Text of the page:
International traffic on local websites: Name in Lights

On Google’s news page recently, Matthew Buckland saw the name of East London’s Dispatch Online above some world famous brands. But could they cash in on it?

The other day I saw a story from East London’s Daily Dispatch website, Dispatch Online, highlighted on Google’s news site. It was up there with world famous brands like the New York Times, Washington Post, Guardian and CNN.

The Google news search engine had picked up a random Dispatch Online wire report floating in cyberspace on a random shooting in Iraq – and made it the lead for a few hours, relegating a report from the mighty CNN website on the same issue to a spot of lesser importance on the page.

Dispatch Online 1. CNN 0.

What this now means is that a little-known regional online newspaper from a place called East London in a country called South Africa (it’s at the tip of Africa) is competing with a whole host of big international news brands.

The internet is effectively turning regional news operations into world-wide operations. This is a big deal for a relatively small (by world standards) regional newspaper. It means the Daily Dispatch, via the internet, is now publishing to the whole world – not just the Eastern Cape.

The Daily Dispatch is obviously not alone. For example, by far the great majority of the New York Times readership comes from outside New York. For most South African online publishers, a big percentage of their readership is from outside the country’s borders.

It’s helping make local publishing brands famous and extending their footprints, but most online publications don’t really know what to do with this international readership.

Although the Google news listing would have undoubtedly sent the Dispatch Online its biggest readership for the month, it brought in readers from around the world who probably have no clue or don’t care that they were reading this story about Iraq on a small, regional newspaper in some city called East London.

Some have termed this kind of readership “guerilla readership”. The reader finds the link in a search engine, parachutes in, without noticing or caring about the brand, gets the article and then leaves as quickly as he/she arrived – probably never to return. It’s perhaps the equivalent of someone casually paging through a magazine at a shop and giving it a skim read – not actually buying the magazine or taking any cognisance of the brand or advertising.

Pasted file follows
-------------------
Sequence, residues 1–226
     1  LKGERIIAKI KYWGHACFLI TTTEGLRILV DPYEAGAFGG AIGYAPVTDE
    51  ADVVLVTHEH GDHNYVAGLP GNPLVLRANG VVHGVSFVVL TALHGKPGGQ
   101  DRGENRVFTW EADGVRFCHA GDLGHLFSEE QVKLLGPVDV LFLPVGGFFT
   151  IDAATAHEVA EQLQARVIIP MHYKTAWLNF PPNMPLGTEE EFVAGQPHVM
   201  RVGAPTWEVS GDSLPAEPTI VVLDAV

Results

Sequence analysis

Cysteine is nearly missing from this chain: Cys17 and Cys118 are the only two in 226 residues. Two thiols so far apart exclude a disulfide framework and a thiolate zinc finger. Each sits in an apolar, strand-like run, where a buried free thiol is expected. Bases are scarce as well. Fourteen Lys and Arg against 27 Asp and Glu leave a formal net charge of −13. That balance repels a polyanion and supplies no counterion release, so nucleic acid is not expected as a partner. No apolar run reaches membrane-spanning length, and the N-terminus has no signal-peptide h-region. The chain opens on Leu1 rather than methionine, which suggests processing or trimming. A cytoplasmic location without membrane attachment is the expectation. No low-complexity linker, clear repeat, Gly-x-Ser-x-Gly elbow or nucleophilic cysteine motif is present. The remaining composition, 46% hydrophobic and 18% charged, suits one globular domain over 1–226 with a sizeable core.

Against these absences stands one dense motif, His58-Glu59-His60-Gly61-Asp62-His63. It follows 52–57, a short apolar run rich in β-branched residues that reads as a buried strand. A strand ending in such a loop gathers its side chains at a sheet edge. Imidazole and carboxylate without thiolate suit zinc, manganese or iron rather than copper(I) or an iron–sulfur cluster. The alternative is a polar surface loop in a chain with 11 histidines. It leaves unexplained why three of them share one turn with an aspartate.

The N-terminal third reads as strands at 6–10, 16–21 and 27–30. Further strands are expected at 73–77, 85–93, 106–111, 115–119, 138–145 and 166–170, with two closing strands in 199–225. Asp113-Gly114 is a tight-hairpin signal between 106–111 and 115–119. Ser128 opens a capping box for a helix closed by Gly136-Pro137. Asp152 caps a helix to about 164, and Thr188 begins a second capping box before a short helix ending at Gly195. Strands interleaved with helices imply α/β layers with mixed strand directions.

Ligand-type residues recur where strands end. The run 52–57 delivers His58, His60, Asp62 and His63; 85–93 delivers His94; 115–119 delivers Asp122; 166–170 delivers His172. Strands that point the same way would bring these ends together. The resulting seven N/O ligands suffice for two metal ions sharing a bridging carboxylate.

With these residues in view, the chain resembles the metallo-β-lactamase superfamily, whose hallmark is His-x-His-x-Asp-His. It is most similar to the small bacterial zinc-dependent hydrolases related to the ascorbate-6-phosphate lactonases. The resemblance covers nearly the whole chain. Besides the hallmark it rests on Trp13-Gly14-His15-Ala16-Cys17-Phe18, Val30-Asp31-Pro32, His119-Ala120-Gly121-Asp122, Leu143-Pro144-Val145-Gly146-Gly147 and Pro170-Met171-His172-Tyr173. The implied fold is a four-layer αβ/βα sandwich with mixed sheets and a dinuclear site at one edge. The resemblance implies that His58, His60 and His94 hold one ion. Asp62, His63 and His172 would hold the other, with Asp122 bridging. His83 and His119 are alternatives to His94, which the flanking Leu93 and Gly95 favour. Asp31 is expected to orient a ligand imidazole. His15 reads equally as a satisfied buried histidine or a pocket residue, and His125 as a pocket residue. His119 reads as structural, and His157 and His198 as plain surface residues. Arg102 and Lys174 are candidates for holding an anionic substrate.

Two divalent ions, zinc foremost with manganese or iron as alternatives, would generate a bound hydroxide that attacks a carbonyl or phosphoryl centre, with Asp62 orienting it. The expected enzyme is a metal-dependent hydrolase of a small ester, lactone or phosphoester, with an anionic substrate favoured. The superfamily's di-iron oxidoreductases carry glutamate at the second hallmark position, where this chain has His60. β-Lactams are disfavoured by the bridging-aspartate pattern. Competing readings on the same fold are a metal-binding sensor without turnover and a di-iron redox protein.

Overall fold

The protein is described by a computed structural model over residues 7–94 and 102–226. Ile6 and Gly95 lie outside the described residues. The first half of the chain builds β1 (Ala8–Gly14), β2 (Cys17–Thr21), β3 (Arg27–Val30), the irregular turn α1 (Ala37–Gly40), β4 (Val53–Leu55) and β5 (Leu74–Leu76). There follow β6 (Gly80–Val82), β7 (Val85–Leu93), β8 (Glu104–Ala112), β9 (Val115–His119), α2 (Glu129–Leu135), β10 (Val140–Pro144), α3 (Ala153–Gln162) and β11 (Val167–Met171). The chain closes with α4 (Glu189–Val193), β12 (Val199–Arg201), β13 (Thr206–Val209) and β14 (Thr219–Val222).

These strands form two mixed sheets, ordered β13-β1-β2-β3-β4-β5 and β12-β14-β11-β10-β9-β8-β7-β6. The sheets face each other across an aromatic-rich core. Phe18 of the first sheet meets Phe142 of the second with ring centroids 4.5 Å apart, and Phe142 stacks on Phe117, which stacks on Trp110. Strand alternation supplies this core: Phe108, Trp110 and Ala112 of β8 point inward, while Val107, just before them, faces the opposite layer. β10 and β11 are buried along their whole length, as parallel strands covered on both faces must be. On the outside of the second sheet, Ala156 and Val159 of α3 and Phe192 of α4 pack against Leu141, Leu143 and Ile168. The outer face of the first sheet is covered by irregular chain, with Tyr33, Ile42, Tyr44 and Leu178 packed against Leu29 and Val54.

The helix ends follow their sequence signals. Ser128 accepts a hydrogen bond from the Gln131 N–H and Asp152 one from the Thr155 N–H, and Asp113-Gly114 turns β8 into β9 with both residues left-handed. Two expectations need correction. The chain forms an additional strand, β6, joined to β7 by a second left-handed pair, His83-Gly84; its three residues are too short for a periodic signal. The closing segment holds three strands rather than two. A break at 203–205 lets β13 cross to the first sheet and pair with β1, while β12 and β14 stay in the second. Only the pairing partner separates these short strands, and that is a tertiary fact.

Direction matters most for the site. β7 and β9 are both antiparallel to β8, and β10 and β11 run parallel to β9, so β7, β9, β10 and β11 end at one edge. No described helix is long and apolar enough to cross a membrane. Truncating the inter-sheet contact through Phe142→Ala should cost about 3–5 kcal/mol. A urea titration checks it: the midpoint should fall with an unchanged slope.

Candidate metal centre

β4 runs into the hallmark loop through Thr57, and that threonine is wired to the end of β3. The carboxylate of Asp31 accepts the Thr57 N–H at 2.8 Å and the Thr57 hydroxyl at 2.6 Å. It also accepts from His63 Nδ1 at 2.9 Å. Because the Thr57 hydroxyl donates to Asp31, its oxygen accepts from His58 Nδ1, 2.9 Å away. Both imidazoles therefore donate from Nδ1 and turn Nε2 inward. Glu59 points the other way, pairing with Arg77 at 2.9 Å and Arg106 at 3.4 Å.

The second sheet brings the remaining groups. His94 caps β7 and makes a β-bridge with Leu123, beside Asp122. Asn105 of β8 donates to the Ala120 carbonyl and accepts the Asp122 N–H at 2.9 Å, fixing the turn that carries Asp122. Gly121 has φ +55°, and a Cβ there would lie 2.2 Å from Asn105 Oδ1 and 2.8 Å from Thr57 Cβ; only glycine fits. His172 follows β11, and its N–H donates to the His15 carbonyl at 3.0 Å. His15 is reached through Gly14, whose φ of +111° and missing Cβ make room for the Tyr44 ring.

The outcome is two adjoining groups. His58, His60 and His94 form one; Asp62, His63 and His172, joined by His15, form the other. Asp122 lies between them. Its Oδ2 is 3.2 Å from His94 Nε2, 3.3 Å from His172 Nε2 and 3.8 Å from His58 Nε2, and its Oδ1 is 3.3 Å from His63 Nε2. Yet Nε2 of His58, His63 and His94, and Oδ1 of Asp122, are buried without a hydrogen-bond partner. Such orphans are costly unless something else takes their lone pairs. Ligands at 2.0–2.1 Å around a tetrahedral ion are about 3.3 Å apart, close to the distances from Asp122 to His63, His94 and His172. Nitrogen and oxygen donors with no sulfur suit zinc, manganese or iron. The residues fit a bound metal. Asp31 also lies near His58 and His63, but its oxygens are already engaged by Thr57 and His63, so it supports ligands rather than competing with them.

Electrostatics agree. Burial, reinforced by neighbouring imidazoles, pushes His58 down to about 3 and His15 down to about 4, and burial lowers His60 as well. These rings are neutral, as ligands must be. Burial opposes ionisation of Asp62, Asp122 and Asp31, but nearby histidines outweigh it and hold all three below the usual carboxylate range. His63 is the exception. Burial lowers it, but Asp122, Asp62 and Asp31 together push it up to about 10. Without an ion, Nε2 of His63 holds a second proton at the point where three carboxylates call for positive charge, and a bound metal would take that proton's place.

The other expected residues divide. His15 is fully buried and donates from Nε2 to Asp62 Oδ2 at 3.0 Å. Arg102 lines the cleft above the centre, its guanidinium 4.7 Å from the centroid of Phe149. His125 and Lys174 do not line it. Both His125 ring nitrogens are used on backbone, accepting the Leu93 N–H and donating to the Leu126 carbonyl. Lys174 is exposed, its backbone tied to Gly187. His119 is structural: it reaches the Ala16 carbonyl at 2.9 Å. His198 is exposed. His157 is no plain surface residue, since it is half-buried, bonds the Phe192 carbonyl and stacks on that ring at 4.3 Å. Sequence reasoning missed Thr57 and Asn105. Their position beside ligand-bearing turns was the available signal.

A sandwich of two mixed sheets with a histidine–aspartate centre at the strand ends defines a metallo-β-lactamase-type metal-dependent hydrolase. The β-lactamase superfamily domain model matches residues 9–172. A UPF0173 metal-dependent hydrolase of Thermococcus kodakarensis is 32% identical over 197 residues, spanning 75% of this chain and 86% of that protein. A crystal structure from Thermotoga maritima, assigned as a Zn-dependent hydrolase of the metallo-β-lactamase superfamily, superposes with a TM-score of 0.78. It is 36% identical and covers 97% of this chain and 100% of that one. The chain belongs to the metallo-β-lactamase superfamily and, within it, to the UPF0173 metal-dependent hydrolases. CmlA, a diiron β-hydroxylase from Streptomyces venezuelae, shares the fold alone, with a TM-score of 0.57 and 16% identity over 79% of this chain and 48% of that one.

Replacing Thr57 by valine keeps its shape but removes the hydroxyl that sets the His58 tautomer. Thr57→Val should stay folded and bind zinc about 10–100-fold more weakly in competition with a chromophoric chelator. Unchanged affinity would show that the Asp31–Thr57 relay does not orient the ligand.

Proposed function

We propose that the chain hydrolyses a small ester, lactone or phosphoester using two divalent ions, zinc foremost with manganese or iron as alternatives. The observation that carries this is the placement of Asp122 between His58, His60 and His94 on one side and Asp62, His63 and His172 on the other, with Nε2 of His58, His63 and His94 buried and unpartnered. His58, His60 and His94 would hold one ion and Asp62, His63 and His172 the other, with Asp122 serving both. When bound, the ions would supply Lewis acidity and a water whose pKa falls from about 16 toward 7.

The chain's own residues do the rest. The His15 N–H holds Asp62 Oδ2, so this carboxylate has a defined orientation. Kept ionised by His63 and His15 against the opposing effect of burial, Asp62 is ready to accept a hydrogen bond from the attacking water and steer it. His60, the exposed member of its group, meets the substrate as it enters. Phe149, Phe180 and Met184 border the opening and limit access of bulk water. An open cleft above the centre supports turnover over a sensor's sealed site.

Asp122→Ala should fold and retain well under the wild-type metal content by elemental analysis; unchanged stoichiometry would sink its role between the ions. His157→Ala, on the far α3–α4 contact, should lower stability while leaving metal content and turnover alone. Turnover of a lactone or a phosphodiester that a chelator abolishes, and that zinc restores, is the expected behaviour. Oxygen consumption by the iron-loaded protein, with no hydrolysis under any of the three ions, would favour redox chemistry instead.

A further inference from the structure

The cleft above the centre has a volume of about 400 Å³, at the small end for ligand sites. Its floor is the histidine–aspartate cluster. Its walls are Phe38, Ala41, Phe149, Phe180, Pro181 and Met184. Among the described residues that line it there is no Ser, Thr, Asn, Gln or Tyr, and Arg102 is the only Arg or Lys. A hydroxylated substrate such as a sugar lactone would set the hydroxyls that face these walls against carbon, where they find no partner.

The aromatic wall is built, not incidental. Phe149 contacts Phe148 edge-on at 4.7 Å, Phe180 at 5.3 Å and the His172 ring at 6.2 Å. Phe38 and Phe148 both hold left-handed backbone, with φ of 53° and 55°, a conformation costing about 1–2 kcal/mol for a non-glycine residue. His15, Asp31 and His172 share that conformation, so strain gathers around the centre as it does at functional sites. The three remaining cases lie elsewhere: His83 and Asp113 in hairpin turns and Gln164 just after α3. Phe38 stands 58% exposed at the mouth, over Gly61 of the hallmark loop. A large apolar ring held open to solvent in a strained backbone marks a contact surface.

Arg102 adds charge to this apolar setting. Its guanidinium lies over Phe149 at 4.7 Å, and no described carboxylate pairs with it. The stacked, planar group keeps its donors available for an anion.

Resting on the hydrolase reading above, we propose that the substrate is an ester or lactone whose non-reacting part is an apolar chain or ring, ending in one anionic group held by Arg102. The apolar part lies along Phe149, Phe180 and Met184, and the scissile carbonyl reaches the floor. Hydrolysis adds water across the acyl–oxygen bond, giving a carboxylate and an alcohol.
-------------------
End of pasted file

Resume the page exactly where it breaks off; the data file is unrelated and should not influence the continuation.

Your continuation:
It’s a very different reader from the one who regularly visits the brand, understands the brand and attaches some loyalty to it. This is the reader most likely to interact with the services and advertising the online publisher offers and places around articles.

In the case of South Africa where bandwidth is pricey, online publishers also pay, literally, every time an international reader visits. Apart from the contextual search advertising model, that cost is generally not recoverable via online advertising because local advertisers are more interested in the local readership market.

So while international readership is good for the brand and good for reader numbers, it’s also a problem.

There is the odd occasion where local advertisers are interested in advertising to the overseas readership, but it is rare. Would it be crazy to suggest a scenario far into the future where a South African publication gets such a high US or UK readership that it could approach US and UK advertisers and grab a share of that adspend? Could East London’s Dispatch Online one day command such a significant US audience that it attracts US advertisers?

It’s a mad, mad world we live in.

Matthew Buckland is publisher of the Mail & Guardian Online @

Matthew Buckland: Publisher


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